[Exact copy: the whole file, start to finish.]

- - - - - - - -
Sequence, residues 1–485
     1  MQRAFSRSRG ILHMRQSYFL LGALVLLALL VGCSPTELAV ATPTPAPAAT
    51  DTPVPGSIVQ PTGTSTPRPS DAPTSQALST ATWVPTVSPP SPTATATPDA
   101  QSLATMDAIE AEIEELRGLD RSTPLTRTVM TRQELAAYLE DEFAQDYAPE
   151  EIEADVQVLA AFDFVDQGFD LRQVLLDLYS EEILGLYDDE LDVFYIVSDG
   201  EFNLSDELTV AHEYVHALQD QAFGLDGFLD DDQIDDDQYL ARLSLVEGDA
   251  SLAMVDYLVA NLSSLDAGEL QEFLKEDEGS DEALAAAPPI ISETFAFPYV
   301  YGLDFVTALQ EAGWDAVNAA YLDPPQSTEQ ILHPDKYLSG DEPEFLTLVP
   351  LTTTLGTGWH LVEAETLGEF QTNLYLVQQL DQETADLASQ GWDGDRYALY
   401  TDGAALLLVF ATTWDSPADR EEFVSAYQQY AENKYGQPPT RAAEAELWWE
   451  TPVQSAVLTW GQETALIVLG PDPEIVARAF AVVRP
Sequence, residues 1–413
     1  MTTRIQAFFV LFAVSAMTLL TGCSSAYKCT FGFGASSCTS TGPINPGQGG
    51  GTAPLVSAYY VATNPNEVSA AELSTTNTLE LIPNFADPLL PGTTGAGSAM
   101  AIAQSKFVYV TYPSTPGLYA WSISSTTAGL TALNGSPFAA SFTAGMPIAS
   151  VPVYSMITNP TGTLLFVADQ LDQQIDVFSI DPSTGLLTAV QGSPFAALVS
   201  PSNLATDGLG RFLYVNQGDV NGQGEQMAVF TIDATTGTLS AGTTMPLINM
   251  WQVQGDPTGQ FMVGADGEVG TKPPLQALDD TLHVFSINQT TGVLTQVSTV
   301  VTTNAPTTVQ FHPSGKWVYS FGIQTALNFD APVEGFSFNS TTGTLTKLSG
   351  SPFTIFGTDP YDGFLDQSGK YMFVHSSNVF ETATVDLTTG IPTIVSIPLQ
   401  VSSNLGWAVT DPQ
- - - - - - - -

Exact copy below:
Sequence, residues 1–485
     1  MQRAFSRSRG ILHMRQSYFL LGALVLLALL VGCSPTELAV ATPTPAPAAT
    51  DTPVPGSIVQ PTGTSTPRPS DAPTSQALST ATWVPTVSPP SPTATATPDA
   101  QSLATMDAIE AEIEELRGLD RSTPLTRTVM TRQELAAYLE DEFAQDYAPE
   151  EIEADVQVLA AFDFVDQGFD LRQVLLDLYS EEILGLYDDE LDVFYIVSDG
   201  EFNLSDELTV AHEYVHALQD QAFGLDGFLD DDQIDDDQYL ARLSLVEGDA
   251  SLAMVDYLVA NLSSLDAGEL QEFLKEDEGS DEALAAAPPI ISETFAFPYV
   301  YGLDFVTALQ EAGWDAVNAA YLDPPQSTEQ ILHPDKYLSG DEPEFLTLVP
   351  LTTTLGTGWH LVEAETLGEF QTNLYLVQQL DQETADLASQ GWDGDRYALY
   401  TDGAALLLVF ATTWDSPADR EEFVSAYQQY AENKYGQPPT RAAEAELWWE
   451  TPVQSAVLTW GQETALIVLG PDPEIVARAF AVVRP
Sequence, residues 1–413
     1  MTTRIQAFFV LFAVSAMTLL TGCSSAYKCT FGFGASSCTS TGPINPGQGG
    51  GTAPLVSAYY VATNPNEVSA AELSTTNTLE LIPNFADPLL PGTTGAGSAM
   101  AIAQSKFVYV TYPSTPGLYA WSISSTTAGL TALNGSPFAA SFTAGMPIAS
   151  VPVYSMITNP TGTLLFVADQ LDQQIDVFSI DPSTGLLTAV QGSPFAALVS
   201  PSNLATDGLG RFLYVNQGDV NGQGEQMAVF TIDATTGTLS AGTTMPLINM
   251  WQVQGDPTGQ FMVGADGEVG TKPPLQALDD TLHVFSINQT TGVLTQVSTV
   301  VTTNAPTTVQ FHPSGKWVYS FGIQTALNFD APVEGFSFNS TTGTLTKLSG
   351  SPFTIFGTDP YDGFLDQSGK YMFVHSSNVF ETATVDLTTG IPTIVSIPLQ
   401  VSSNLGWAVT DPQ